The circuit actually used in the monitor 15 is shown in FIG. 19. As shown, selections of the actual sampled shunt is obtained by a plurality of NAND gates 146, 147, and 148 by switch 19. The use of NAND gates rather than AND gates is due to considerations of chip utilization and is compensated for by an inverter 149 connected to the selected NAND gate by switch 19. Similarly NAND gates 152 and 153 provide for the reset signal to return the divide-by-forty gate 143 to a base count. Similarly, the signal polarity considerations account for the replacement of AND gate 144 and NAND gate 145 with NAND gate 151 and AND gate 154, respectively. Thus, the circuit of FIG. 19 comprises means to display an on-line current reading.
The detection and conversion of consumed current from the submerible's battery system is a critical area of the Amp-Hour Monitor 15. Voltages in the millivolt range must be read from the system shunts and accurately converted into equivalent digital values for the processing stage. The detection and conversion means used to accomplish this task will now to described.
The battery system aboard the typical submersible 11 is floating with respect to the hull. For this reason, and because occasional Megger tests are performed on the power packs, the input circuitry to the Amp-Hour Monitor is also floated and the ground of the analog input stage is isolated from hull ground.
Referring to FIG. 17, the circuit which is used to accomplish the isolation of the analog input stage is illustrated. Shunts 131, 132, and 133 detect the current from their associated battery banks and are connected to the inputs of ISO-OP-AMPS 134, 135, and 136 respectively. These state-of-the-art amplifiers fulfill the requirement of input-to-chassis isolation. Further, channel-to-channel interference rejection is insured by highly accurate modulation/demodulation provisions made possible by the gating of the optical couples 137, 138, and 139 which isolate the input from the output. The inputs to monitor 15 are always present at ISO-OP-AMPs 134, 135, and 136. A times three (X3) (OP amp 140 connected thereto corrects the 1-to-3 current-to-voltage reduction occurring at shunts 131, 132, and 133.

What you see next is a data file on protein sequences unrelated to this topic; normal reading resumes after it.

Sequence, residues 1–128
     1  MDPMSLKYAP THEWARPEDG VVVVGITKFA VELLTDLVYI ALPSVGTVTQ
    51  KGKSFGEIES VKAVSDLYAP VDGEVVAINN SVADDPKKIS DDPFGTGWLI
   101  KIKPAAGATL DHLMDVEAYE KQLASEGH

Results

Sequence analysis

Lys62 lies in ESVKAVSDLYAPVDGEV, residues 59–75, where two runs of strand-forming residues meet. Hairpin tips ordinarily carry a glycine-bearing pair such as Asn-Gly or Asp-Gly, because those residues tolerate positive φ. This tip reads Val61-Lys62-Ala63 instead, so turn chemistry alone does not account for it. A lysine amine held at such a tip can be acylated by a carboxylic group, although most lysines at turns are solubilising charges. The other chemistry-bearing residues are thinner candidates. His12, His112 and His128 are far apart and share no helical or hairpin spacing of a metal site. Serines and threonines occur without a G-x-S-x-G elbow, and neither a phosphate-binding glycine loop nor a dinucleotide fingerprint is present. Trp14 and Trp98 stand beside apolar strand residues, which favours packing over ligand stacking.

The SEL60P, SEL30, and SEL60S are sequentially applied to the ISO-OP-AMP modulation inputs 137, 138, and 139 cyclically present the corresponding currents to DPM 18. Additionally, DPM 18 receives a convert (CONV) signal and an end-of-conversion (EOC) signal from the timing section of Monitor 15.
The sequenced selection of a shunt by the control logic begins with the selection of the proper analog switch which is controlled by the appropriate selection signal, e.g., SEL60P. The analog value is passed to DPM 18 and, at the proper system time, the CONV signal is generated by the control logic which initiates the conversion of the analog input into an equivalent binary coded decimal value. EOC signal from the DPM will remain "hi" until the conversion process is complete. When the EOC signal drops to "lo", the processing logic uses the DPM digital output for the processing of an amp-hour sample value. Thereby establishing the inherent signal conversion capabilities of DPM 18 as previously described.
Referring to FIGS 8, 9, and 10, the Master Clock stage is illustrated. This circuitry provides means for generating, with a high degree of accuracy, the proper clock and phased control signals necessary for system operation. The designed accuracy of the Master Clock stage is based upon a DIP oscillator 71 which generates a square wave frequency of 7.86432 Megahertz. The output of the oscillator is passed through a divide-by-eight stage which is comprised by three individual divide-by-two stages 72, 73, and 74. This circuit reduces the frequency to 983040 Hertz. This reduced frequency is then passed through a CMOS "divide-by-N" register 75. The signals being used are CLKA (fr ÷ 8 = 122880 Hertz), CLKB (fr ÷ 512 = 1920 Hertz), and CLKC (fr ÷ 1024 = 960 Hertz). CLKC, waveform 78, FIG. 10 is passed into a static shift register 76, FIG. 9, which generates 12 phase-shifted signals. The 12 phase-shifted signals, 79a through 79m, will be used to generate several important control signals by selectably creating synchronized time windows. An inverter 77 is connected in circuit with shift register 76 to provide the recirculation required. This circuitry is, therefore, seen to comprise a control signal generation means.